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US envoy says Mubarak 'must stay' to steer transition

US special envoy Frank Wisner (pictured) said Saturday that Egyptian President Hosni Mubarak "must stay" to steer the country through transition after weeks of unrest. The US government has since said Wisner's comments were made as a private citizen.


AFP - The United States distanced itself Saturday from a one-time envoy's suggestion that Egyptian President Hosni Mubarak should remain in office during a democratic transition.

Frank Wisner, an influential retired diplomat and former US ambassador to Egypt who met with Mubarak at President Barack Obama's request this week, "was speaking for himself and not for the US government," a senior Obama administration official said in Washington.

Wisner earlier called Mubarak an "old friend" of the United States, and said he "must stay in office in order to steer those changes through."

"President Mubarak's continued leadership is critical," Wisner told the Munich Security Conference via video link.

"It's his opportunity to write his own legacy. He has given 60 years of his life to the service of his country, this is an ideal moment for him to show the way forward."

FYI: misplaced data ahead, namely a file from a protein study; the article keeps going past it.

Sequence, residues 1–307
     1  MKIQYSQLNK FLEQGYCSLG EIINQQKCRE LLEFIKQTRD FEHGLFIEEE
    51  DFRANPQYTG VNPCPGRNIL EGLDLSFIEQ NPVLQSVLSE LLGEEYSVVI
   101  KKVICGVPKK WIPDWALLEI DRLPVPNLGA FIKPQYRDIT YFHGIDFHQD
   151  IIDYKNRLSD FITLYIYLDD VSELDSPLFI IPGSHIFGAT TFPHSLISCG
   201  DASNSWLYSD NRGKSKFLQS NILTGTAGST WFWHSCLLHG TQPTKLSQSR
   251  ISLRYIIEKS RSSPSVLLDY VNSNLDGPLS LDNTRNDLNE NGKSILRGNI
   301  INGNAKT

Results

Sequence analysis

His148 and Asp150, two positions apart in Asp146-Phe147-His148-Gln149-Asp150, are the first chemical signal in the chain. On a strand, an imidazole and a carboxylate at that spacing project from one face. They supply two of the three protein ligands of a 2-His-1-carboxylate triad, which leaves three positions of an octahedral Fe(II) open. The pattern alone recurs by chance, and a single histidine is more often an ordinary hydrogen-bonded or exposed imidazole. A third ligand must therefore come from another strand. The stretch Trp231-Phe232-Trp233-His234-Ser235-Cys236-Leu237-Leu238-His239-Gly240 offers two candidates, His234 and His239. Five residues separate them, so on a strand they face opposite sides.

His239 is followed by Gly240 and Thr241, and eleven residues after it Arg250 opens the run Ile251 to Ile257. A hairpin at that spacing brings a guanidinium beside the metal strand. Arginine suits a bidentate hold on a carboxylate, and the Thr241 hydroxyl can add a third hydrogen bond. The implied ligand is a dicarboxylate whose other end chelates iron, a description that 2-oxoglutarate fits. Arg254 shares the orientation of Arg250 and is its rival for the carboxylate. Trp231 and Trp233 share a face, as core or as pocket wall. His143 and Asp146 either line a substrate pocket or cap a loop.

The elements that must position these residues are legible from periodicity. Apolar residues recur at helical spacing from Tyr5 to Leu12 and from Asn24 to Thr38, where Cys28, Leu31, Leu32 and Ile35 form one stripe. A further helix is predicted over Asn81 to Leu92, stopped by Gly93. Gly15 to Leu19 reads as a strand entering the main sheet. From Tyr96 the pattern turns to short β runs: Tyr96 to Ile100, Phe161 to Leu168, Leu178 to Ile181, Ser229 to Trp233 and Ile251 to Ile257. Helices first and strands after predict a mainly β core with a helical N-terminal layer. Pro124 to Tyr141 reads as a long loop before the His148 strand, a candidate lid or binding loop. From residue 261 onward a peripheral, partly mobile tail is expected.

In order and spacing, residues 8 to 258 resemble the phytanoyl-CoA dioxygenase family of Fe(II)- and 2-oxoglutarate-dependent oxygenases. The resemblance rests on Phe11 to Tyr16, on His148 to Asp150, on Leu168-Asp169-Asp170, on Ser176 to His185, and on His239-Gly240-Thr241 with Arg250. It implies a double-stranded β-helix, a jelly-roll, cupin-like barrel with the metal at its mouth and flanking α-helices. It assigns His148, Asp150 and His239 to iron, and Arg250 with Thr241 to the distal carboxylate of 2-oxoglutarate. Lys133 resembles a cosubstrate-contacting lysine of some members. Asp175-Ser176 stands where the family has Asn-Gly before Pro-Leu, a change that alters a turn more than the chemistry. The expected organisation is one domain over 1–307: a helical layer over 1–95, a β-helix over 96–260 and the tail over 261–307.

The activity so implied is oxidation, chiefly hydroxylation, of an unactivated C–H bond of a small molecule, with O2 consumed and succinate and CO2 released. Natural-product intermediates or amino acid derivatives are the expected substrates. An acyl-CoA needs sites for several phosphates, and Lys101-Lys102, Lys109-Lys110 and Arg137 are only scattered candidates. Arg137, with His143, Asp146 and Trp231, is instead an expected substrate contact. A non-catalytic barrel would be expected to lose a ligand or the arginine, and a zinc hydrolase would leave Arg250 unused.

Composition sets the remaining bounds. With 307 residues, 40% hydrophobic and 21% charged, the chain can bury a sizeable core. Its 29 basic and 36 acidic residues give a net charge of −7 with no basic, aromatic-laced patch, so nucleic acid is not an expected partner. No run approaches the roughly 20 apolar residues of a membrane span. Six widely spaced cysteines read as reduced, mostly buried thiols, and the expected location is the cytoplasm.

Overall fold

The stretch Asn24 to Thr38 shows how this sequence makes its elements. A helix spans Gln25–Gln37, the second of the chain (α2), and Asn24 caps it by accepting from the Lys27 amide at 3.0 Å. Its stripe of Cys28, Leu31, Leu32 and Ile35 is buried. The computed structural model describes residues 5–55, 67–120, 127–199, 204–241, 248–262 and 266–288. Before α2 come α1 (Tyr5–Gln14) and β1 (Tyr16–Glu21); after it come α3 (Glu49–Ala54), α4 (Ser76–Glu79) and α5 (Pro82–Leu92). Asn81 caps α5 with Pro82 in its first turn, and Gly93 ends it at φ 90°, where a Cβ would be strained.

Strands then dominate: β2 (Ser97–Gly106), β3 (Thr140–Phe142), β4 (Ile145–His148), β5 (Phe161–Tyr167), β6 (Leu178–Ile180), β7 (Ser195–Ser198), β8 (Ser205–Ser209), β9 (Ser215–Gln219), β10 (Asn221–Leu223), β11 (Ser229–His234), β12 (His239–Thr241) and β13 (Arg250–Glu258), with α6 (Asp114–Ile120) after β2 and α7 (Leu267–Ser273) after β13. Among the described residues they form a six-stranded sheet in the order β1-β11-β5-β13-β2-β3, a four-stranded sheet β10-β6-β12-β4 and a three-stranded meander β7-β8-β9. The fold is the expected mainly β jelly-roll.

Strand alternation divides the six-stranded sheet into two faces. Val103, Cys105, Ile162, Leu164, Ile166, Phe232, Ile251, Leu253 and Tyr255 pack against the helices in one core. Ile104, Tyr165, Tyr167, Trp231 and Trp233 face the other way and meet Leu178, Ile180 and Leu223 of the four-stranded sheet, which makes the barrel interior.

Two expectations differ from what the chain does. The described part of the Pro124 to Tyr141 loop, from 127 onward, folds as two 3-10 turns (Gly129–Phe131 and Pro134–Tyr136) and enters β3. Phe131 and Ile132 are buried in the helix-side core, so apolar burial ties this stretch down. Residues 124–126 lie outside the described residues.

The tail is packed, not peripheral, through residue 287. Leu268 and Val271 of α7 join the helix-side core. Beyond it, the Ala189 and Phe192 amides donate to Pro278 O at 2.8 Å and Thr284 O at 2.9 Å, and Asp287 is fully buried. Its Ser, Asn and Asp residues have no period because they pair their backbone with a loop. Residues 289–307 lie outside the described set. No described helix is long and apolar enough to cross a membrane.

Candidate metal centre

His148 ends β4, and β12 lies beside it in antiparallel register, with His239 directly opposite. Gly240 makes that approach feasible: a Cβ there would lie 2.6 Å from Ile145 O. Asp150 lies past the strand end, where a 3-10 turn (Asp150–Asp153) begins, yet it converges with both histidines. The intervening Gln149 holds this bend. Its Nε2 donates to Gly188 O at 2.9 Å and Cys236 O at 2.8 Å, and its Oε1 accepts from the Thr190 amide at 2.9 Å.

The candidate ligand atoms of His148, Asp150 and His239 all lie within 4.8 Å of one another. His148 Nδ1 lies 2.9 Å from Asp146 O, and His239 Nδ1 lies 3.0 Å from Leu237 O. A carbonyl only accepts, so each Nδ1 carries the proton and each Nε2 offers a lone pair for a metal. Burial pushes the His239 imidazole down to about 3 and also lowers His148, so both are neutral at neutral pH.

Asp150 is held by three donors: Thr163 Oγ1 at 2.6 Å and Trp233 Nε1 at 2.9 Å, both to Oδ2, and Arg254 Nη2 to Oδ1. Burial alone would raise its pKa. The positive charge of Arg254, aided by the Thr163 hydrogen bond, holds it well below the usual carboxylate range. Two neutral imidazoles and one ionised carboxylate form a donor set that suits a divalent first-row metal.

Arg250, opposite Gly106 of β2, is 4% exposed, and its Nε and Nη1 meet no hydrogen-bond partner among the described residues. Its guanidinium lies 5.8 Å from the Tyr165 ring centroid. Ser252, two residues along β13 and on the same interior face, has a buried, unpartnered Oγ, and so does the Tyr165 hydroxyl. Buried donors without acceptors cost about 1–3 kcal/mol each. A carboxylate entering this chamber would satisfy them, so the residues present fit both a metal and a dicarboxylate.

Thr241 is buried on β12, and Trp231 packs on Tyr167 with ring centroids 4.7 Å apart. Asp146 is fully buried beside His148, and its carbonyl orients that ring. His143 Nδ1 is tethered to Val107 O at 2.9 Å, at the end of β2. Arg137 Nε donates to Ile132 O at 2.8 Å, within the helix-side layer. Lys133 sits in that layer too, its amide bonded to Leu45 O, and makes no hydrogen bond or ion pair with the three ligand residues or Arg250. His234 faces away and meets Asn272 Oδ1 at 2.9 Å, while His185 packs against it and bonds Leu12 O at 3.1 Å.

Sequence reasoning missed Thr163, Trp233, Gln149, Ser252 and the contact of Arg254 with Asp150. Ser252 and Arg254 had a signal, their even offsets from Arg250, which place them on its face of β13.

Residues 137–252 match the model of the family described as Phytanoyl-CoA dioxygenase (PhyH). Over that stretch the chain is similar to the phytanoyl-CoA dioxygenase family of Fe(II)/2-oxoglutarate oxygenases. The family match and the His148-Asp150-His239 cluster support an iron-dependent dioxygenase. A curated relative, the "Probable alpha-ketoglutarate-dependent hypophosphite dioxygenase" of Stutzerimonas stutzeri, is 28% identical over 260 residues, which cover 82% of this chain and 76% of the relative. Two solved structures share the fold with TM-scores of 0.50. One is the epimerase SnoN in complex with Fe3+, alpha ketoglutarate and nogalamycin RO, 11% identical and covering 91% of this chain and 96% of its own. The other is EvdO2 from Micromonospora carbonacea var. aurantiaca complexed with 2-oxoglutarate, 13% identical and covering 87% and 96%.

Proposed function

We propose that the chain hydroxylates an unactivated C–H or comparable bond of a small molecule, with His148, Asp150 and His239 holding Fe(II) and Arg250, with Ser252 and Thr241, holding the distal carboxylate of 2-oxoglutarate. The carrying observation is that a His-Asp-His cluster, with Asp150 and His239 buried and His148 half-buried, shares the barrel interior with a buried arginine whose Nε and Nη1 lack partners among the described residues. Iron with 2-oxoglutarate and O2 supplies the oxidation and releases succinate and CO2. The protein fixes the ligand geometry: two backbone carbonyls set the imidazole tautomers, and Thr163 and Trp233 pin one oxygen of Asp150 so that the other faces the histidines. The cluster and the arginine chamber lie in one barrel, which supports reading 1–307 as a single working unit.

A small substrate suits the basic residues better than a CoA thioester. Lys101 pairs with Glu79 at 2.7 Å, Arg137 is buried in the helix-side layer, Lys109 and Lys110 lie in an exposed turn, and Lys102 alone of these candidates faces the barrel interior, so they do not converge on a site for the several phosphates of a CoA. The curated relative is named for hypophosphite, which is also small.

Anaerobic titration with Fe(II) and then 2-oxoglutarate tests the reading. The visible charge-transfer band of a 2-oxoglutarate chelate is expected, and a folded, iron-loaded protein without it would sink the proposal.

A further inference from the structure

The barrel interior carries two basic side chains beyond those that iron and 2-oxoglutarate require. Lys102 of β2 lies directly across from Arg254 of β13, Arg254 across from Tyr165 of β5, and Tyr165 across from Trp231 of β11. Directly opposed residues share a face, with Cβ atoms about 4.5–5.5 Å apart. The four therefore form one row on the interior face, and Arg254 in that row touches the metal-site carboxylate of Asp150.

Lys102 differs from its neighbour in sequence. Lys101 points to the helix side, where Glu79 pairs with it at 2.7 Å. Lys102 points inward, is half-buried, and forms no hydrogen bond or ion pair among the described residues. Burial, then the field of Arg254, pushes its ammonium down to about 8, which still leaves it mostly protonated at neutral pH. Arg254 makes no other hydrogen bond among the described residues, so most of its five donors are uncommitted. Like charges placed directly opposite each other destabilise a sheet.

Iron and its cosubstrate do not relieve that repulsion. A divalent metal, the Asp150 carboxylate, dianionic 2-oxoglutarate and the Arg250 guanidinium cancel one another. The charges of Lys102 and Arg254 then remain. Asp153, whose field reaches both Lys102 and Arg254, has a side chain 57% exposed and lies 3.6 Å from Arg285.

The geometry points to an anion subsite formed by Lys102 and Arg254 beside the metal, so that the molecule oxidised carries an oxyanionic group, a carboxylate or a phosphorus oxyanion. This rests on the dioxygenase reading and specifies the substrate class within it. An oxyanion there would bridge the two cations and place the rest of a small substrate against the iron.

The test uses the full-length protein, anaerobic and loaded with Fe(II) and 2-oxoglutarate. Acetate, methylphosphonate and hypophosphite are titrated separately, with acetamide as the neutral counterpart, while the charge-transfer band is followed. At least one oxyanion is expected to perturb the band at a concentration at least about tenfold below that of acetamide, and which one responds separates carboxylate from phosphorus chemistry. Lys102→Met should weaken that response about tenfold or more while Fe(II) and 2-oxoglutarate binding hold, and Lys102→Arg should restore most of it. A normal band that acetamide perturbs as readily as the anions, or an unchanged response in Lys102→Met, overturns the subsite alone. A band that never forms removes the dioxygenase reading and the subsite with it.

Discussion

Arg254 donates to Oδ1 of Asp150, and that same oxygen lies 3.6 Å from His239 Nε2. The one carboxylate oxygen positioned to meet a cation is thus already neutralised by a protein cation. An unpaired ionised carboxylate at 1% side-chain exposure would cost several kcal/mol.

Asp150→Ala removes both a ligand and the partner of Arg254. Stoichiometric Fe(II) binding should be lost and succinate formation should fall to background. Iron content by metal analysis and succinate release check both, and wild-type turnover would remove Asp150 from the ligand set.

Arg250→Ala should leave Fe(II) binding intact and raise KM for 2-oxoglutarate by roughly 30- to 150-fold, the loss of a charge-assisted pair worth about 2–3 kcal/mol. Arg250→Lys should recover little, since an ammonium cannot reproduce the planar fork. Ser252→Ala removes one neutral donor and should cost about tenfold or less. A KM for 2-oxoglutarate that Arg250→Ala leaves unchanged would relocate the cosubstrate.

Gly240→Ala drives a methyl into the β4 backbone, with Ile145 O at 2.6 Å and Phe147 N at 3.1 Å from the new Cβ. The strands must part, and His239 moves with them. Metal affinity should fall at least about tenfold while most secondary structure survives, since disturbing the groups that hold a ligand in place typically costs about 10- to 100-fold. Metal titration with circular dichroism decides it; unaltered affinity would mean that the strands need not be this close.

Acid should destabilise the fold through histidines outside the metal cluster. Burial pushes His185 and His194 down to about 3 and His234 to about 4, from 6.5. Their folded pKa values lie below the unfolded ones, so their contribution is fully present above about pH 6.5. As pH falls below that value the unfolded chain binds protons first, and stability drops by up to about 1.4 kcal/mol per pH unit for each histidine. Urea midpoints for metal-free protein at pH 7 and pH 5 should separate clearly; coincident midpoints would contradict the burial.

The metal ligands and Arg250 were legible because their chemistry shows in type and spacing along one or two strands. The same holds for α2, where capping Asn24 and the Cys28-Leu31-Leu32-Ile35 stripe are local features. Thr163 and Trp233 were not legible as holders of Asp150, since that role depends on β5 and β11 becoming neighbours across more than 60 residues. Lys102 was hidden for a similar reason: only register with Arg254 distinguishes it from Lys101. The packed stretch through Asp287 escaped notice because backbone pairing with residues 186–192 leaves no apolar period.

Another US official said he did not actually hear Wisner's comments and declined to comment on them when reporters read them out loud, but stressed the former diplomat was acting in a private capacity.

"Frank Wisner was speaking as a private citizen... analyst... not as a representative of the US government," the official said on condition of anonymity.

On Friday, Obama said the proud "patriot" Mubarak should listen to his people and make the "right decision," avoiding an explicit request for the longtime US ally to step down immediately.

But citing unnamed US and Egyptian officials, The New York Times reported on Saturday that new vice president Omar Suleiman and senior Egyptian military leaders are exploring ways for Mubarak to make a graceful exit.

Mubarak, who has led the most populous Arab nation with an autocratic hand for nearly three decades unchallenged until now, has said he is "fed up" with his job, but prefers to stay in power until September elections while calm is restored.

Wisner said the Obama administration dispatched him on Monday to Cairo, where he met with the 82-year-old Egyptian leader and Suleiman. He is now back in the United States.

"The crisis is of extraordinary importance. What happens in Egypt affects all of our interests throughout the region," Wisner said.

"The United States has had a long and very close relationship -- 30 years plus -- standing with Egypt. Where Egypt goes, the domestic order, the external orientation of the Middle East, will be profoundly affected."

Wisner said his mission "was to make sure that we communicated in a respectful manner to a man who has been an old friend of the US but who now faces the huge responsibility of having to lead Egypt through a transition to a new and a different future, and to do so without resorting to force."

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